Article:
Pella Chronicle

Opinion

April 5, 2013

Changing the culture is part of transforming the aging experience

Pella — Changing the culture is part of transforming the aging experience.

Much progress has been made over the last 20 years in the national movement to transform services for older adults in ways that improve their quality of life.

This movement, known as culture change, gives older adults choices and empowers them to practice self-determination in meaningful ways throughout their daily lives. Culture change is based on person-directed values of choice, dignity, respect, self-determination and purposeful living.

One of the early projects in culture change was the development of Green Houses, where residents enjoy privacy yet are part of a tight-knit community. The Green House also provides an environment designed to look and feel like a real home, including private rooms with private bathrooms, a residential-style kitchen, a communal dining area and accessible outdoor space. Institutional elements, such as medication carts and nurses’ stations, are avoided.

Significant benefits of this approach were identified in a study that compared health outcomes and quality of life for initial Green House residents in Tupelo, Miss., with those of residents at two nearby traditional nursing homes.

The study, led by Rosalie A. Kane, Ph.D., of the University of the Minnesota School of Public Health, found Green House residents experienced better quality of life, with the same or better quality of care than those in the comparison homes. Green House residents reported higher scores on elements of emotional well-being, such as happiness and looking forward to the future. They also experienced lower rates of depression, reduced activity, bed rest and decline in functional abilities than residents of the traditional homes.

Here in Marion County, organizations serving older adults are in various stages of moving from a clinical model to a social, transformative model. Some have embraced culture change and the person-centered approach by altering the physical environment by building smaller households, while others are providing choice and honoring residents’ choices in their current setting.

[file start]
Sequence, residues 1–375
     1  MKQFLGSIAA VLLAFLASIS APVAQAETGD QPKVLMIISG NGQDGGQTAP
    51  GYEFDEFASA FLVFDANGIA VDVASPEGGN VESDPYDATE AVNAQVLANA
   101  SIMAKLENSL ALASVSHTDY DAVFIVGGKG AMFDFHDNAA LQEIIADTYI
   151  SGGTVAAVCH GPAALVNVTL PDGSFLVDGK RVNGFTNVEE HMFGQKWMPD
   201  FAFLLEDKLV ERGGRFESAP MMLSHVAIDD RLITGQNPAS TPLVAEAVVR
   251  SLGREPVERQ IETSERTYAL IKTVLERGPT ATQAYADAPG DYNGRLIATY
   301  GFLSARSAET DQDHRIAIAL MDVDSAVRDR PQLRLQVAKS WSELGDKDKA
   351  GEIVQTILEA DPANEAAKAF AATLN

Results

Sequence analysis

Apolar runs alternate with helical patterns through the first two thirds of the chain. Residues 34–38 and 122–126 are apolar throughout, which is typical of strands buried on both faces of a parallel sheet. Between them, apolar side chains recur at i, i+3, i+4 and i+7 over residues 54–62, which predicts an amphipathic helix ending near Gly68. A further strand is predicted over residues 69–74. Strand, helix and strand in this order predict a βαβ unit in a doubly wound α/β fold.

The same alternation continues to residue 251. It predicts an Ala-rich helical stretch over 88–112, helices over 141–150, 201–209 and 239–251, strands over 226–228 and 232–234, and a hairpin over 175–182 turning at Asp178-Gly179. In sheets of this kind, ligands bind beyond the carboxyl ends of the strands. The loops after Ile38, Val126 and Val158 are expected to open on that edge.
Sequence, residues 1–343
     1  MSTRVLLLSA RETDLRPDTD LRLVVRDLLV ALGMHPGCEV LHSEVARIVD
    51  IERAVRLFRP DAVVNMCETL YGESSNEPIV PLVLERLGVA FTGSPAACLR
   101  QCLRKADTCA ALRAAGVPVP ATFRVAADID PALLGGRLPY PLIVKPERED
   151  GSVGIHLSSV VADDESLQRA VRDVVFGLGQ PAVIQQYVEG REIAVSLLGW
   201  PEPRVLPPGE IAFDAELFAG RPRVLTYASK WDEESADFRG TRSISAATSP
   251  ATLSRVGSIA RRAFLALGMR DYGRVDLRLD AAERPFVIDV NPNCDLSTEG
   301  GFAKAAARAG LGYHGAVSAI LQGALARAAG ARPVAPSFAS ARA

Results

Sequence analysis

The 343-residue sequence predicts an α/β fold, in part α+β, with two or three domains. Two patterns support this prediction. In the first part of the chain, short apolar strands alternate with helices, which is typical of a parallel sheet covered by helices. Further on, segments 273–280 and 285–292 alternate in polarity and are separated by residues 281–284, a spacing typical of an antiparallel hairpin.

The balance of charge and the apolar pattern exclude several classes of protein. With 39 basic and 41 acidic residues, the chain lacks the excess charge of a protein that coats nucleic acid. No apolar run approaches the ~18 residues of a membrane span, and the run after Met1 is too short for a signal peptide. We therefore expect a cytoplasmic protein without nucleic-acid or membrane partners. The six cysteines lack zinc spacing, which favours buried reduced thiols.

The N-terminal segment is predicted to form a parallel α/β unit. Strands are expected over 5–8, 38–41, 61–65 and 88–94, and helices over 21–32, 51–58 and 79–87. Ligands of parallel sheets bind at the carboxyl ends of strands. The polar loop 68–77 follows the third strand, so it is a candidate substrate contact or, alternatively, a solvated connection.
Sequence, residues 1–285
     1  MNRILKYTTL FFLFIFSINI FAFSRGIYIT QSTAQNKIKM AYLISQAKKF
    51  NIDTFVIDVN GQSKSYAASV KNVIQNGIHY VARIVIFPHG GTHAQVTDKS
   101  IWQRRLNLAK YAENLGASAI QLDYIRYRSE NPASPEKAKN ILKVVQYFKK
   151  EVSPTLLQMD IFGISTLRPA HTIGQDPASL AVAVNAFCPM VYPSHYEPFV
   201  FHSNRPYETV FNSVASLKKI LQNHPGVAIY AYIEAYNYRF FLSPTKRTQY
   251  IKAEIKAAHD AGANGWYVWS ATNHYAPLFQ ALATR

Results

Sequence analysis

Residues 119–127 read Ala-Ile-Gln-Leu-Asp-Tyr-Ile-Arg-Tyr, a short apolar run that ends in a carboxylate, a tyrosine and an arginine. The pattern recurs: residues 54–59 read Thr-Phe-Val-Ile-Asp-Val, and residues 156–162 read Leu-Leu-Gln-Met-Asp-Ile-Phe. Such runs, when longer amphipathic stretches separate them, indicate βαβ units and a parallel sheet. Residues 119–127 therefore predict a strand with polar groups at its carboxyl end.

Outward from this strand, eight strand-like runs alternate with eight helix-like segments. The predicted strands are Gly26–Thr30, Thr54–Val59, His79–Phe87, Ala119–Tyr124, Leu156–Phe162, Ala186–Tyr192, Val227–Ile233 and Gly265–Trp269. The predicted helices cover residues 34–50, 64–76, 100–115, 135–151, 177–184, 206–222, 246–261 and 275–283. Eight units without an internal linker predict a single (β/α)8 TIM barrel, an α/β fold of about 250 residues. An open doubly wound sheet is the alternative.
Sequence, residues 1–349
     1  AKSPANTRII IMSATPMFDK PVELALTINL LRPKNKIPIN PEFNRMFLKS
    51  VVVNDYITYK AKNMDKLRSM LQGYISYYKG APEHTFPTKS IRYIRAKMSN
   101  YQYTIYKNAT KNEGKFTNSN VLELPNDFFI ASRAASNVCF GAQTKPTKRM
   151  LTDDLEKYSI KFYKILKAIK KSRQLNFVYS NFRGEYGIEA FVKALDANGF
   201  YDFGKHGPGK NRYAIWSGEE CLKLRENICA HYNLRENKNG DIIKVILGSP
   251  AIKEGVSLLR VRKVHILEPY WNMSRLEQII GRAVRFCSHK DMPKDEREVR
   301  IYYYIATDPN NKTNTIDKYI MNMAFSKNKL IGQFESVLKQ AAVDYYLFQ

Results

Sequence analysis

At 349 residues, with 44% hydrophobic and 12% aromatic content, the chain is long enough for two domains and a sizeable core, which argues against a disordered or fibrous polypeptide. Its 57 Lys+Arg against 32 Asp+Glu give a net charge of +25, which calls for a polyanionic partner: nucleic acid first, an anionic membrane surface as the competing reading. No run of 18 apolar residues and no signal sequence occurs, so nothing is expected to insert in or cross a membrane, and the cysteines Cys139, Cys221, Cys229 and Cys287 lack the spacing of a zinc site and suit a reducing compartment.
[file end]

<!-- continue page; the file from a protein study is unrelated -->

When it comes time to select a community with skilled nursing for a beloved family member, you’ll most likely want to identify and choose one dedicated to transforming aging into a positive experience through culture change. Asking the right questions is the best way to do this.

Fortunately, the Pioneer Network, which is working to promote culture change and person-directed care in all long-term care settings for older adults, has developed a set of questions to help families in this situation.

Listed below are some of the Pioneer Network’s recommendations for questions to ask and responses for which to listen. These are not the only correct answers, but they do provide a good idea of what indicates that a community is working toward creating home for residents.

-How is your community involved in culture change?

Listen for: "We have a committee that works on making our place a home for residents who live here. Residents and families serve on the committee. Staff members attend the state coalition meetings and go to conferences to learn more. Several staff members (including direct care workers) have visited other places involved in culture change. We have consistent assignment so that our staff can get to know the residents they are caring for, including their individual needs and wishes."

-How will you get to know my family member?

Listen for: "It is very important for us to really get to know each person who lives here. We have a questionnaire for your family member to fill out that helps us get started. If they are not able to do this (because of dementia, for example), we want you to help us get to know them. Then we will talk with them and spend time together. We will learn about their preferences, their past, what they enjoy doing now, and their goals and wishes for the future. Everyone on the team will get to know your family member."

-Will my loved one be awakened at a set time in the morning or will she have a choice?

Listen for: "Residents may choose to sleep as long as they want without being awakened.”

-What is your policy regarding food choices and alternatives?

Listen for: "Let me show you a list of the alternatives we always have on hand if someone does not like the main entree being offered. Do you think your loved one would be satisfied with these? If not, we can accommodate her (or his) wishes."

For additional questions and advice on what to listen for when evaluating answers, visit Pioneer Network’s website at www.pioneernetwork.net/Consumers/ Guide/ and click on Key Questions.

Culture change is something that I’m really passionate about because I’ve seen firsthand the positive impact it makes on residents’ quality of life.

Nancy Hamilton is Executive Director of Hearthstone, a Ministry of WesleyLife.

 

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